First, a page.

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Flooring industry trends indicate hard surface flooring sales continue to grow

Stuart Hirschhorn
FLOOR COVERING STATISTICAL TRENDS AND OUTLOOK

As I finished the most recent report on floor covering industry statistics I  wondered why hard surfaces sales are on the rise this year considering all the negative news about the economy and our industry's general condition.

One of the impost important trends in the US floor covering industry is the continuing increase of hard surface's share of overall floor covering.  As of September 2011 hard surface had claimed an estimated 41.4% share which reflects a 10% increase in share over the past decade. Manufacturer sales (shipments minus exports plus imports) of hard surface flooring increased over the first three quarters of 2011, while carpet and rug sales declined.  Dollar sales of hard surface flooring increased by an estimated 4.3% over the first three quarters and square foot sales could have risen by 1.9%.  Meanwhile, we estimate that carpet and rug sales declined 0.7% and 5.0% respectively over the same period.  These statistics are in our latest floor covering industry publication, the September issue of the Catalina Floor Coverings Quarterly Update.

Hard surface flooring has been taking share from carpet and rugs for over a decade. But what has caused had surface flooring sales to grow in 2011 when unemployment remained high, consumer confidence fell and the house market remained depressed?

 Here are four drivers.

1.   Flooring's stronger commercial markets are boosting hard surface sales. 

Perhaps the most important factor driving hard surface flooring sales is its tie to the commercial market which is stronger than residential replacement which is where the majority of carpet is sold.  In 2010, some 39.0% of hard surface flooring was sold for commercial applications compared to only 25.0% for carpet and rugs.  Conversely, 65% of carpet and rug sales were sold for residential replacement and consumer spending for floor covering declined 3.6% in the first half of 2011.  This hurt carpet sales. Only 41% of hard surface products flowed to residential replacement sales.

2.   Home owners are staying put and showing increased preference in longer lasting flooring.

Another driver is that people are staying in their homes longer now. Since the housing "crash," housing turnover has slowed with declining home prices and tightened credit standards. These non-movers have increased their preference for longer-lasting flooring products creating a trend towards hard surface flooring. During 2011, some two-thirds of homeowner floor covering replacement jobs could utilize hard surface materials.  This is up from about 60.0% in 2005 and only 52.0% in 2001.

3.   Consumer preferences are turning to natural wood and stone looks.

The shift to hard surface also reflects the consumers' increasing preference for wood and stone looks.  This gave a boost to the relatively high-priced wood and stone flooring prior to the recession.  Currently, consumers are turning to ceramic tile and resilient flooring to satisfy their desire for wood and stone looks at lower prices.  Ceramic tile manufacturers have expanded their lines of porcelain tile with stone looks and even introduced wood plank looks.  At the same time, resilient flooring manufactures upgraded their product offerings with luxury vinyl planks and fiberglass backed sheet vinyl.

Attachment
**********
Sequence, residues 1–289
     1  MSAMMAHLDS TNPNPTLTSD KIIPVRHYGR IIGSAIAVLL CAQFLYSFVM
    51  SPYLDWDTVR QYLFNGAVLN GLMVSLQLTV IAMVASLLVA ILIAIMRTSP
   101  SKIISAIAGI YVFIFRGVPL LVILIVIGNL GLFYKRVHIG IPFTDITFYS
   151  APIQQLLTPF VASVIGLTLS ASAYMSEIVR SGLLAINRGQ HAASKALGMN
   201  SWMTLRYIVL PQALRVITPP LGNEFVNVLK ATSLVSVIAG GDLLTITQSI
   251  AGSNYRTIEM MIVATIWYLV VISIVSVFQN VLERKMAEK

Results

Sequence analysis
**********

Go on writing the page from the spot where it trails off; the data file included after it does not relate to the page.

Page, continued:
4.   Carpet's price advantage is narrowing.

Finally, the price advantage of carpet has narrowed. We estimate that the average value per square foot (manufacturer prices) of hard surface flooring increased by 1.8% in the first three quarters of 2011 versus 4.5% for carpet and rugs.  Hard surfaces flooring's average value per square foot sold is $1.14 while carpet and rugs is $0.92.

The sharper increase in carpet prices reflects stronger increases for material inputs.  Carpet fiber prices increased by about 10.0% over the past year as oil prices rose while ceramic tile and wood flooring material costs have been flat.  Even the resilient segment, which is highly dependent on oil-based plastic resins, saw only a 7.0% rise in material costs which translated to a 6.0% increase in resilient flooring prices.  Despite this increase, resilient flooring remains the lowest cost flooring material on average (not installed).

These are four industry trends I uncovered in 2011. Are you seeing these trends play out in your business?  Do you think there are other reasons for the growth in hard surface?


Stuart

Stuart Hirschhorn is a member of the Floor Covering Institute and Director of Research of Catalina Research, Inc. which provides in-depth market research on the floor covering industry.

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  1. I'm searching the web with regards to commercial floor coverings and I'm glad I found your very informative blog. Thanks for sharing!

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